Combining fabric painting and free-motion sewing

A couple of weeks ago I visited the Suffolk coast and enjoyed the beautiful scenery, particularly the heathlands covered in blossoming heather. My husband captured a lovely image of a rabbit amongst the heather, which inspired me to get crafting…

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Here's my husbands photo. You can watch all about his time photographing the rabbits and deer by clicking this link:

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To reproduce the image I decided to do a combination of fabric painting and free-motion sewing on my sewing machine. I've used this combination in the past and I love the effect it gives - the paint gives subtle tones of colour, while the free-motion sewing pulls out and defines details.

To start, I chose a cream coloured material as the background. I try to upcycle material where possible, and the material I chose was cut from an old duvet cover. The material has printed lines which I though would add a bit of interest to the composition.

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To paint the fabric, it's important to stretch the fabric out to provide a flat surface, and to raise the fabric off the surface of the table. To do this, I use wooden interlocking bars (I have a set of different sizes which allows me to create different sizes of paintings). 

The fabric is pinned to the wooden bars with pins, ensuring the fabric is stretched tightly.

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You'll notice that I have a large border of fabric around the pinned area - at this stage I hadn't decided on how I was going to edge the piece, so I was keeping my options open.

I lightly pencilled the shape of the rabbit onto the fabric and then wet the fabric with fresh water using a large brush.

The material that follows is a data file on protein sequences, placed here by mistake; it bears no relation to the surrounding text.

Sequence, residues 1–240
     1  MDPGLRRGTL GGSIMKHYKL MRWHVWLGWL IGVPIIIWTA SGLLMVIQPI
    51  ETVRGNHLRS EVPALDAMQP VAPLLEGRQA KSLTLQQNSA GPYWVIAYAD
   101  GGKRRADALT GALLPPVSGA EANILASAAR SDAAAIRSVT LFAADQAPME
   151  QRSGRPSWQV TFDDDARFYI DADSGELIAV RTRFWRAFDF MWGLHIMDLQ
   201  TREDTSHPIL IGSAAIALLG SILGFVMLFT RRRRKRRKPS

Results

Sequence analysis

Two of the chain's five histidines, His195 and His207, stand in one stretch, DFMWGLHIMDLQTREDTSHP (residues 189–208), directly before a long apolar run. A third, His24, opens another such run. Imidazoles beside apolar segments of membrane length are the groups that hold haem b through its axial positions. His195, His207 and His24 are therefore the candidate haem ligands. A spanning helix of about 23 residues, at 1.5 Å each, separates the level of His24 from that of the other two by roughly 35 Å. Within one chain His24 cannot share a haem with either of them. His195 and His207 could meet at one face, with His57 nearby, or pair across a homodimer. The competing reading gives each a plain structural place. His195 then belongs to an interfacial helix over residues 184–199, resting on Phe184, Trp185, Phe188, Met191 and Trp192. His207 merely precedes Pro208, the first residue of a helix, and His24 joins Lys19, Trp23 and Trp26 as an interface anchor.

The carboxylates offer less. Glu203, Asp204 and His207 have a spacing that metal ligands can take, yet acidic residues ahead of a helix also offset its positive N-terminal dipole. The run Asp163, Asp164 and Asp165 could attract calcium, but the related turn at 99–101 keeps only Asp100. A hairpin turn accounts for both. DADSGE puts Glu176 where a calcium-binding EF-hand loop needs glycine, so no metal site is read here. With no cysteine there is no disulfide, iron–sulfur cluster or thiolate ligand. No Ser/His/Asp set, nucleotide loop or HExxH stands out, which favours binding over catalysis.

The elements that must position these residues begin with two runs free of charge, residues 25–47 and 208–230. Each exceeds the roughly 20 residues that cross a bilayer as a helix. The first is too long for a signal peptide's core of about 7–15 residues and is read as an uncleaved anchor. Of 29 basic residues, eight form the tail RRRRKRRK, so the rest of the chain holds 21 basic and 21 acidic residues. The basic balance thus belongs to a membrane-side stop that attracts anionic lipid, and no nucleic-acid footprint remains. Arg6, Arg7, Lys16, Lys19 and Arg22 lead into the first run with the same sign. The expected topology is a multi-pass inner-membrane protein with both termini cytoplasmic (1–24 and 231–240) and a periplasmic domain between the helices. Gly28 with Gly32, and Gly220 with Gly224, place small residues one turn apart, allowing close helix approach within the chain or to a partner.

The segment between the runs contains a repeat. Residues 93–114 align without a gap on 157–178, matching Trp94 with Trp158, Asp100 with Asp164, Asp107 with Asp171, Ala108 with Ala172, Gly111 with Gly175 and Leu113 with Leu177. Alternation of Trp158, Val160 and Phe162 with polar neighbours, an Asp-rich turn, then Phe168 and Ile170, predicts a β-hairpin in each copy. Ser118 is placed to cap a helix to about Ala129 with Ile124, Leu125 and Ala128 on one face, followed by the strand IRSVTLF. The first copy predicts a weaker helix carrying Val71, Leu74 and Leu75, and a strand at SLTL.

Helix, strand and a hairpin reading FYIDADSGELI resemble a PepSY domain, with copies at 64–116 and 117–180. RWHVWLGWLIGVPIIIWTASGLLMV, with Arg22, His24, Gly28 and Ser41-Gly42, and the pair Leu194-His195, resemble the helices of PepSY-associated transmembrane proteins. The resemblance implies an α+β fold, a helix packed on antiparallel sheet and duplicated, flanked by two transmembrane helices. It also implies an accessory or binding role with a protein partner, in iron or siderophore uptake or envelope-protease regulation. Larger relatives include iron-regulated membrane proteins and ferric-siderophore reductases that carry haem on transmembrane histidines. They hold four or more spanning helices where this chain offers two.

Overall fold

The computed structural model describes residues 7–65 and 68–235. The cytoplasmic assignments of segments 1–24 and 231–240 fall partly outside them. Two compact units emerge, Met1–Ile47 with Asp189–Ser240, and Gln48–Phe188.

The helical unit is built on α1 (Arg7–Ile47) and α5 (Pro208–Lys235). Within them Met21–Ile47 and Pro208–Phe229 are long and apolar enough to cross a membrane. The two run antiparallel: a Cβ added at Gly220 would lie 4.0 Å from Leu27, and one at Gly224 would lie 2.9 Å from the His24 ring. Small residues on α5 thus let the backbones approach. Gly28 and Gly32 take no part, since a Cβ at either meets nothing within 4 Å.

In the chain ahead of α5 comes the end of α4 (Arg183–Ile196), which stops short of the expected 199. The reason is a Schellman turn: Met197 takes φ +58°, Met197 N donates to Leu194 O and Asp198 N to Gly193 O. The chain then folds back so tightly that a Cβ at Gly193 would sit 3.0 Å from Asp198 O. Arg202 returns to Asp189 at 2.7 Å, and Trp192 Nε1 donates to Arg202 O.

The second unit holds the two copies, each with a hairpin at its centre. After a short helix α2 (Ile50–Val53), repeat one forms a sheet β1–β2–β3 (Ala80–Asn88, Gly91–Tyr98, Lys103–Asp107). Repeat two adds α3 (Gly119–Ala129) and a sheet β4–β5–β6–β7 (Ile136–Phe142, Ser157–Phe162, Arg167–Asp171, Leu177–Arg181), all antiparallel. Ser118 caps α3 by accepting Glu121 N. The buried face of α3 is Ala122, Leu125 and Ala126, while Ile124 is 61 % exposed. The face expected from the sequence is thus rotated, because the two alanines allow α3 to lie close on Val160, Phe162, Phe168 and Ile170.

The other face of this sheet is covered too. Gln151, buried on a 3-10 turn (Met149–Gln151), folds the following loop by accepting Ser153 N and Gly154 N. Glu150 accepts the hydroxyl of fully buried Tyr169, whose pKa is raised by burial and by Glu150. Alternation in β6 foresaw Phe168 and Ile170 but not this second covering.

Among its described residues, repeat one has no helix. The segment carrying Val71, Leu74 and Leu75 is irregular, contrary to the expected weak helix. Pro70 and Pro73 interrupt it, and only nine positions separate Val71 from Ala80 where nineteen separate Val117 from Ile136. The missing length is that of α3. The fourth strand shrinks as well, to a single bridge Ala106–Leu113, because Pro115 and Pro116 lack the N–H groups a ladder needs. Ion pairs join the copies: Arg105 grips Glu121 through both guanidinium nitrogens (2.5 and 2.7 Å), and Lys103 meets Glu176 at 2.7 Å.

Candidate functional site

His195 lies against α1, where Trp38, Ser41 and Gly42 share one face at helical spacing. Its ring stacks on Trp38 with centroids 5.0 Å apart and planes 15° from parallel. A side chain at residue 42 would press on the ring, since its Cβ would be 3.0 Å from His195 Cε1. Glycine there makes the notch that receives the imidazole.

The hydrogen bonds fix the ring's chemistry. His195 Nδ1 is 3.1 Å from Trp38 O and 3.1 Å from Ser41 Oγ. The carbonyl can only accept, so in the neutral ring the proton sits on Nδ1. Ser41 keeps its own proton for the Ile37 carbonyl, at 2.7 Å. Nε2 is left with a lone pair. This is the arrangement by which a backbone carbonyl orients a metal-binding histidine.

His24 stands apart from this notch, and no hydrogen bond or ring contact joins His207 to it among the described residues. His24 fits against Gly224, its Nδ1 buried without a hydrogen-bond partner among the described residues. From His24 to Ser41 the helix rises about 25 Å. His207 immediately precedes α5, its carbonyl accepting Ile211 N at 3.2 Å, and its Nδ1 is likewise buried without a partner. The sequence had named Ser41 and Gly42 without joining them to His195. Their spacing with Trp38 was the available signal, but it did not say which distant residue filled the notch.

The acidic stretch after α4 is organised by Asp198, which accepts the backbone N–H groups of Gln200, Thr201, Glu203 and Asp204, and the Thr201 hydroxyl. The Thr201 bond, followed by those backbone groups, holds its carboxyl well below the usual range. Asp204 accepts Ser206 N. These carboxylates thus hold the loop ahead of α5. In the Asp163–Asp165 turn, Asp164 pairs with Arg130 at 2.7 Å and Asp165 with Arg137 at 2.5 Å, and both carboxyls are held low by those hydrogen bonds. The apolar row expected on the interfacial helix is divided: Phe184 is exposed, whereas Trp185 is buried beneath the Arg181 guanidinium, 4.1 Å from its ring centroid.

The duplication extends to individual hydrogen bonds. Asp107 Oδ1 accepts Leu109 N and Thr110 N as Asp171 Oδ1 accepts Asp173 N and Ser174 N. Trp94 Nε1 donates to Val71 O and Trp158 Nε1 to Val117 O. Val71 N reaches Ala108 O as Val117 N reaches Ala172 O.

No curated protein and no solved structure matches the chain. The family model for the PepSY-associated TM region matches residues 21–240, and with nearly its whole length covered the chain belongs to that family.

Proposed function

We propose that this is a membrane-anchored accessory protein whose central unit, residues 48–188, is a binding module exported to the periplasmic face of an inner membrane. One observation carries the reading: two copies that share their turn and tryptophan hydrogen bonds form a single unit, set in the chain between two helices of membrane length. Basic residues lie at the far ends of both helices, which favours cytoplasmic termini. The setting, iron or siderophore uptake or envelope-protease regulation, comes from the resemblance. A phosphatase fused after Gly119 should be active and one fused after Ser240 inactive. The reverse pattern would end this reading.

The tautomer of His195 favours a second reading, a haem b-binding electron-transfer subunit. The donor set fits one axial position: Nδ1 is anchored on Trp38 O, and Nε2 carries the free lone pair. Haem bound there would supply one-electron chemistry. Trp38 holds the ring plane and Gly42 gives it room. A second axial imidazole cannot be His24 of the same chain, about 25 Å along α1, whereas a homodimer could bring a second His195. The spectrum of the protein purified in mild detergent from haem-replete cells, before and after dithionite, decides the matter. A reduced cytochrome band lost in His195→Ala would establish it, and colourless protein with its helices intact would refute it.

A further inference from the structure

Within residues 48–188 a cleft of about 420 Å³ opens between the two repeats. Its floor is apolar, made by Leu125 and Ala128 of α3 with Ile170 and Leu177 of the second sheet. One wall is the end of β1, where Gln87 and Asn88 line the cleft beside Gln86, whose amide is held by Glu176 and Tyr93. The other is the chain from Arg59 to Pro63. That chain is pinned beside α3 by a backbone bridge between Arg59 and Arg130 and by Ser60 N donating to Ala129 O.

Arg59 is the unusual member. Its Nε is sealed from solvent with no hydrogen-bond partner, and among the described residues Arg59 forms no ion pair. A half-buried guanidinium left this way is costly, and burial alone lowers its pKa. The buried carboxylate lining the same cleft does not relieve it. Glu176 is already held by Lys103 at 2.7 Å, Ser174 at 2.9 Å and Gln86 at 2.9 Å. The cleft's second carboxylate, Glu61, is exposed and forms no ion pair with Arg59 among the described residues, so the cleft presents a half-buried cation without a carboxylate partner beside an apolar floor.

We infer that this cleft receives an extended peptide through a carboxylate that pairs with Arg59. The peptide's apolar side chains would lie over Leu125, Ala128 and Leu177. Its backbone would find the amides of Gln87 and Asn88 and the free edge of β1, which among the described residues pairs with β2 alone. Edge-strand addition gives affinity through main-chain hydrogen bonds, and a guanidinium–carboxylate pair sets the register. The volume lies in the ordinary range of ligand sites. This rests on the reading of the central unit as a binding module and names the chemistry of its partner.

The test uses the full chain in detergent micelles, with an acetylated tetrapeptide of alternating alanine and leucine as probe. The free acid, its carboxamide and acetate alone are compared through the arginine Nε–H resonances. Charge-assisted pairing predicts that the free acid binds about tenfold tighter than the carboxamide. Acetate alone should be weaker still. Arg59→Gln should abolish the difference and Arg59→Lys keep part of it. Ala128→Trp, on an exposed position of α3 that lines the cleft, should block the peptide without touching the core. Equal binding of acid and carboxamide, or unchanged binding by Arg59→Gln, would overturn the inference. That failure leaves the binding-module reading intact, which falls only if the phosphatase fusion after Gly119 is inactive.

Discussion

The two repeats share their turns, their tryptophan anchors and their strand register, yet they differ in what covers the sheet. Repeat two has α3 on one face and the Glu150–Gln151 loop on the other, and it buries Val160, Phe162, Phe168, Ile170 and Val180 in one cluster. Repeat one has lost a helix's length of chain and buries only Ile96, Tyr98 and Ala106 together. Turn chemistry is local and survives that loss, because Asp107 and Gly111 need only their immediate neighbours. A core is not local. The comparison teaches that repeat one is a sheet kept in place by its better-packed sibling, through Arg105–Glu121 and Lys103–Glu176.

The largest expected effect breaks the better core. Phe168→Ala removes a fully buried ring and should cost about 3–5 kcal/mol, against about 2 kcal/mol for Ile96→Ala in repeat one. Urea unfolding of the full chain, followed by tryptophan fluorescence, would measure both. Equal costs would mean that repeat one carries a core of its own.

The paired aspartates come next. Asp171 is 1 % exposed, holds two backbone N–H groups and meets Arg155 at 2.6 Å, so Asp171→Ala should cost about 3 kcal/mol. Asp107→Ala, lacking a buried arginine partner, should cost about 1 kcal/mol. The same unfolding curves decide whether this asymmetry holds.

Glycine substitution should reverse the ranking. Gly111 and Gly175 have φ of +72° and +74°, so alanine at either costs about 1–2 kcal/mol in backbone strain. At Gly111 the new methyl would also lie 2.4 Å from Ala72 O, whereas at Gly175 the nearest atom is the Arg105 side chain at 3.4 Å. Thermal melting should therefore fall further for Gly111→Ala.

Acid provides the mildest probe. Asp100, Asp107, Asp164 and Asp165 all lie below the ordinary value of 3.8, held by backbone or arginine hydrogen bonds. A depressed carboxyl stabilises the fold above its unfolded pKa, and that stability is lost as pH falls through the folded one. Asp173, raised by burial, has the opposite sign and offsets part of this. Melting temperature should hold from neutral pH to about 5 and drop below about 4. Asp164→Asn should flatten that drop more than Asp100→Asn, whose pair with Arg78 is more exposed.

There are lots of types of paint you can use on fabrics, including specialist fabric paints. To give a subtle watery effect for this piece I decided to use my Derwent Intense water-colour blocks. These give lovely pure colours which can be applied directly using the sticks to give real depth of colour, or watered down and applied with a brush to give a watery effect.

I started at the top of the fabric and worked down, ensuring the fabric was wet to allow the paint to spread and the colours to merge.


To highlight the flowers of the heather I added more intense dabs of colour. To give the effect of depth, I've made sure brighter and deeper colours are used in the foreground, while more subtle colours and less detail is painted for the background.

Here is the finished painting west and dry. You'll see that the paint dries paler than when wet so you need to bear this in mind when you are painting.


Once dry, the next stage was to do the free-motion sewing. This technique is also called thread painting, as you essentially “paint” onto the fabric with the thread. The needle acts as the paint brush, and rather than moving the brush over the surface, the brush stays still and the surface is moved. It does take a bit of practise to get your head around the difference, but it's worth giving it a go as it gives some lovely effects.

To prepare for the sewing, I cut out a piece of wadding the size of the painting and a piece of spare fabric as a bottom layer. The wadding was glued to the back of the painting using fabric spray glue, and the bottom layer of fabric glued to the wadding, creating a wadding sandwich. The addition of the layers helps with free-motion sewing which is tricky to do with a single layer of fabric. The use of wadding will give a quilted effect which adds a bit of depth to the final piece.